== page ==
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Articles > Student Life November, 11, 2014

Learn how to beat loneliness at uni

Luke Walpole
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9.11 / 10

University… that place you’ve been pining for since your Head’s of Year muttered the words ‘GCSEs’ and ‘Further Education’. The glitz and glamour of independence mixed with the ability to re-invent yourself amidst the booze-filled micro-climate of Freshers’ week. This is step one of your right of passage towards being a very scary prospect; a grown-up.

This is supposed to be the best time of your life, the start of something new, the (insert further coming-of-age clichés). But what do you do if it utterly fails to live up to your expectations? When you spend more time working than socialising? The answer is becoming increasingly clear to me at least now; get involved in anything and everything that you can.

Working hard

Photo By AnaC













I am currently at what some people would call an ‘elite university’, one that fits into the amalgamation of two universities that make you think of the words ‘posh’ and other, more unsavoury words that perhaps would be best left unpublished! In reality, I kind of fell into this without fully realising what I had signed up for, indeed throughout the admissions process I thought it completely implausible that I would get in. But now here I miraculously am, and find myself 4 weeks in now, having been chucked in the deep end in terms of work as well as trying to balance that with making new friends, and trying not to come across like a complete pillock. I’ve been to both ends of the spectrum; ranging from the jubilation of getting ridiculously drunk and meeting new people to the extremely testing bouts of loneliness when I really questioned what I was doing here.

The transition between Sixth Form and University is deceptively large, and some bridge this gap better than others. It seems scant consolation when people look at your miserable face and say “You’re not the only one”. In its early thralls Uni has the capacity to be the most lonely and interactive, the most social yet personal, place you’ll ever go to, and the old maxim that you need to give it time appears to be correct in my case at least. I am sure that Freshers across the country, people who have been run ragged by that pesky Freshers’ flu, have had seconds, moments or even days when they felt like they couldn’t cope, but that’s nothing to be ashamed of.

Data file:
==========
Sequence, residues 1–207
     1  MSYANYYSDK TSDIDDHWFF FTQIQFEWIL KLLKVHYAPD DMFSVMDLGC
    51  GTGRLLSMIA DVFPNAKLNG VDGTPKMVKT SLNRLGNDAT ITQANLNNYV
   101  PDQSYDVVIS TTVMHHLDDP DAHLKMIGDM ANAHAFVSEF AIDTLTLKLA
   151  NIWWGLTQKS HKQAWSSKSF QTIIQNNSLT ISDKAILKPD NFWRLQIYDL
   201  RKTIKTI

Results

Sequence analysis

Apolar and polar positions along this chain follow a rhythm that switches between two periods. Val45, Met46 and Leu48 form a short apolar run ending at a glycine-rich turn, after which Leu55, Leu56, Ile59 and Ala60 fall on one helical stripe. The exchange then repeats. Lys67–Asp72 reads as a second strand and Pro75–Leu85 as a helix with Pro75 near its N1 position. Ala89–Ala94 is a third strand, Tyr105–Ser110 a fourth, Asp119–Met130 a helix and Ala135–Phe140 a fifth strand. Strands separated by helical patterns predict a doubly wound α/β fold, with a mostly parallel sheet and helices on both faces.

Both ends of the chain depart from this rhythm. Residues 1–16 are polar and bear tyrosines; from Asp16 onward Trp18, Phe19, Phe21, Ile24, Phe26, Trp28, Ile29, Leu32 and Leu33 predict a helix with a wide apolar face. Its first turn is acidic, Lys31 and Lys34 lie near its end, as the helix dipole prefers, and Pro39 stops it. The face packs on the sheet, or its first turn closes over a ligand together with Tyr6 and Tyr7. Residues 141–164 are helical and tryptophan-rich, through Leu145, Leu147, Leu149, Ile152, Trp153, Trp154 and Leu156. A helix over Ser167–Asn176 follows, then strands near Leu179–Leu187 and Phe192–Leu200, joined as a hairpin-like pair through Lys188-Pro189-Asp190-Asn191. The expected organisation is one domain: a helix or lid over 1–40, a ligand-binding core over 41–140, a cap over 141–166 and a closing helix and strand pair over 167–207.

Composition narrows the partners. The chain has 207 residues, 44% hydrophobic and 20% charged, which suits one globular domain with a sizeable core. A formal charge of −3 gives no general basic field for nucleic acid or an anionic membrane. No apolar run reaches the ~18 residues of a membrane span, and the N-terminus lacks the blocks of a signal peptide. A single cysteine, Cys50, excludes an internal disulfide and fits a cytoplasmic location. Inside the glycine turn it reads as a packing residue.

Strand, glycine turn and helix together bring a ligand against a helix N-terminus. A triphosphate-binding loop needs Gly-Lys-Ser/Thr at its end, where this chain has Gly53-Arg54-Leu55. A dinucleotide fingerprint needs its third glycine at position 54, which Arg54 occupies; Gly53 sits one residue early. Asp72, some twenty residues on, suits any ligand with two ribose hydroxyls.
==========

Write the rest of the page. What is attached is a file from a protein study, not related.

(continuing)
So what is my sage, albeit very premature, advice? Well the simple fact seems to be that you need to try and meet as many people as possible. Unless the odds are indeed in your favour, it seems unlikely that the people in your block will have exactly the same interests as you. Join clubs, join societies, try new things and you’re increasing the likelihood that you will meet new people that share you interest and may just turn out to be your new best friends. Even with my frankly diabolical work-load at times I decided that I needed to get out and try new things, now I play rugby, have joined the gym, write for the newspaper and host a cheese-fest of a radio show! I’m a happier and frankly less boring person because of it.

I’m not a model student here at all; in fact there are times when I think I’m the opposite of that. But I just thought that three years of your life reading textbooks through dull eyes would not only be soul destroying, but also a complete waste of £40,000 – sorry to bring up the HUGE debt we will all incur, a bit of an elephant in the room to be honest. If you let nervousness about putting yourself out there take over your Uni life then you will have an awful few years, that’s a promise that I can already make even though I’m just a naïve fresher myself.

There will be homesick, lonely moments I’m sure, but why let that be the abiding memory in what really should be some of the most enjoyable, largely carefree, years of your life?

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  1. saj me

    Univesrsity life is too busyy